Peas like beans are a very versatile crop and can be used in a variety of different ways. Generally renowned for their sweetness peas are added to sauces and vegetable dishes. There are also varieties bred especially for eating inside the pod such as sugar snap peas. These are typical in dishes which require some crunch such as salads and stir fry’s. Peas can be grown as filler crops and companion planted with lower growing vegetable crops.
Originally from South and Central Asia, Alfalfa was grown for centuries as a multipurpose crop. This leguminous plant could be grown on mass to improve the fertility and productivity of farmland.
At the same time this plant is heavily regarded as a nutritious animal feed for livestock. Alfalfa is also regarded as a herb and can be eaten raw or cooked. Its seeds can be sprouted and harvested as a sprout crop.
Buckwheat is an extremely useful plant which before the time of industrial fertilisers was common in ancient agriculture. The plant has edible leaves which can be eaten raw or in salads but its primary use is as a grain.
This can be ground up to make flour or added to dishes whole. Its ability to be cultivated in large number without soil amelioration made it a wonder crop. It is still used as a green manure and is an effective bee, pollinator, crop.
This small, leguminous crop originated from Asia and is used as both a herb and a spice. Charred remains of Fenugreek have been found in Bronze Age settlements and the Romans used it to flavour wine.
Today Fenugreek is very common in Indian cooking used in numerous vegetable dishes. Both the seeds and foliage are used in numerous dishes from this region. This crop can also be used as a green manure or nutritious feed for cattle.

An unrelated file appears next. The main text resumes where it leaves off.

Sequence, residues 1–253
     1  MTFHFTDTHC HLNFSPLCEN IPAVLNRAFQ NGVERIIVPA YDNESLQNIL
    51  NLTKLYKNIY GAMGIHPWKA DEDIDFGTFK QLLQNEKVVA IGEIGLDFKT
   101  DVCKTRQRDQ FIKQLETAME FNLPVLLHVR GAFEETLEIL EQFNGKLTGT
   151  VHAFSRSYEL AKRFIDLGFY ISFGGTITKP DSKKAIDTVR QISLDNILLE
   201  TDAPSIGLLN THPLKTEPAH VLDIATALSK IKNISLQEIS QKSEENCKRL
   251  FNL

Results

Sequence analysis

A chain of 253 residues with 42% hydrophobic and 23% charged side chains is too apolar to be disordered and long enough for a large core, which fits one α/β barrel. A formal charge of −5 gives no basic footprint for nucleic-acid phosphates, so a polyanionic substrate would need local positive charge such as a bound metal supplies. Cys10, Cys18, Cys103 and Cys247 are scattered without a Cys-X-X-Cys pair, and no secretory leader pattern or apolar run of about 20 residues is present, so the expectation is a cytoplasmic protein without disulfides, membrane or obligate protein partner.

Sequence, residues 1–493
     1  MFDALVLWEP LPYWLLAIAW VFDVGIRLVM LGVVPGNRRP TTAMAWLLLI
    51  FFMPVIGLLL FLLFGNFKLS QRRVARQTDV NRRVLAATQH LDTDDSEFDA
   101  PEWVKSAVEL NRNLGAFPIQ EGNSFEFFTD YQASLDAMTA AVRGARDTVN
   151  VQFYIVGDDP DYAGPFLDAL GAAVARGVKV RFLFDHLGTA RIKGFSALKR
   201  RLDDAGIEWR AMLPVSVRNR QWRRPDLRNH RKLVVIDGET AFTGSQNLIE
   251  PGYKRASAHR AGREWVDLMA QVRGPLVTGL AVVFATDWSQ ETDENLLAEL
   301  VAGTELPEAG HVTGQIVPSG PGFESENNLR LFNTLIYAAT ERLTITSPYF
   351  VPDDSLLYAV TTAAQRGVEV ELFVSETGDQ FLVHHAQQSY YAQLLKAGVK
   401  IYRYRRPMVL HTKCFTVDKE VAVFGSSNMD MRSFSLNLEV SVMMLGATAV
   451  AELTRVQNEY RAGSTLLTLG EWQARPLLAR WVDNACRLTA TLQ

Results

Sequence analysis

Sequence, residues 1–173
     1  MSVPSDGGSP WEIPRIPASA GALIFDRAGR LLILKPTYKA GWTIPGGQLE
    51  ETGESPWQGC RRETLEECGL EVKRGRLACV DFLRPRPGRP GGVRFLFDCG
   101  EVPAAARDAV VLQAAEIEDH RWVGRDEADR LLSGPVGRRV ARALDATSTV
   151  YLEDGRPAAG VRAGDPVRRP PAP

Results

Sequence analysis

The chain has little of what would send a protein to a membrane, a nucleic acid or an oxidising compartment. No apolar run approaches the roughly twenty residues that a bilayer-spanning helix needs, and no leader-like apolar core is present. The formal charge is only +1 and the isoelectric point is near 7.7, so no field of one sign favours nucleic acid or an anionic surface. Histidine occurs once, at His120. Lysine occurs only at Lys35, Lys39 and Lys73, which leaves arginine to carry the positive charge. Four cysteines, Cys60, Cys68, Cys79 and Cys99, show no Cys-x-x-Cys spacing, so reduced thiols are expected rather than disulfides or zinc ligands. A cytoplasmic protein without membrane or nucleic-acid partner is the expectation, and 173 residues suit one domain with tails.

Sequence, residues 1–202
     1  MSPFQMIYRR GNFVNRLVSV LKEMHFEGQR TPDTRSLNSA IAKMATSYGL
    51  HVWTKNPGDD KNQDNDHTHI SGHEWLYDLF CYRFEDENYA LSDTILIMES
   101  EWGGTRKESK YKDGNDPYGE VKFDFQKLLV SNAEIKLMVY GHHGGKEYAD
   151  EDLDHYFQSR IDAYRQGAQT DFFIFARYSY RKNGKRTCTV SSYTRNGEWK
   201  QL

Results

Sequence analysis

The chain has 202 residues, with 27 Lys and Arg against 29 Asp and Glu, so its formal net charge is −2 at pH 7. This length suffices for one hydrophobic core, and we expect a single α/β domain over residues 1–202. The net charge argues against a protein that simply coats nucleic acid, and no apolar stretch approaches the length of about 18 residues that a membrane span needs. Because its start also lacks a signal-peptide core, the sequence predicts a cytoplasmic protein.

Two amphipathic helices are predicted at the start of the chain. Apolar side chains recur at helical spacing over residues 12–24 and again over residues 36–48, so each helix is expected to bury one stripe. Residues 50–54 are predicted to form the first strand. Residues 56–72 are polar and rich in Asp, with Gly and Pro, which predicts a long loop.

Peanuts are a common crop and enjoyed by millions worldwide in numerous quantities. These are typically roasted, salted and enjoyed as a snack. Originally from South America this crop has spread around the world and prefers a warm environment.
Peanuts are closely related to beans and are more of a legume than a nut. High in protein and fatty acids peanuts have become a popular agricultural crop worldwide.
Not commonly thought of as a crop Gorse is a thorny evergreen shrub native to Europe. This shrub is able to thrive on exposed sites with poor soil. The flowers can be eaten in salads or used to make tea. The main use of gorse however is for feeding animals like cattle when other deciduous leaves are scarce in winter.
11. Siberian pea tree
This large shrub or small tree is native to Siberia and China and is very efficient at fixing nitrogen. With a robust root system it has been used for erosion control and general ground improvement.
Although not commercially produced for food the peas or seeds are edible when cooked. The flowers are also edible and added to salads and side dishes. The Siberian pea tree is typically grown as an ornamental and is a very useful and popular in temperate food forests.
12. Carob tree
Also known as the African Locust Bean the carob is a small tree native to the Mediterranean and Middle East. During the summer the tree produces large bean like pots which turn dark brown when ripe. These can be ground down to a powder and tastes very much like chocolate.
Carobs have a rich syrup inside which can be used to produce a substitute for maple syrup. Traditionally used as an animal fodder this tree can become a food crop during hard times. Its nitrogen fixing ability and drought tolerance makes it a great crop for arid regions.
Thank you for reading our article on crops which fix nitrogen. Do you know of a nitrogen fixing crop we have missed? If so feel free to comment below or send us a message.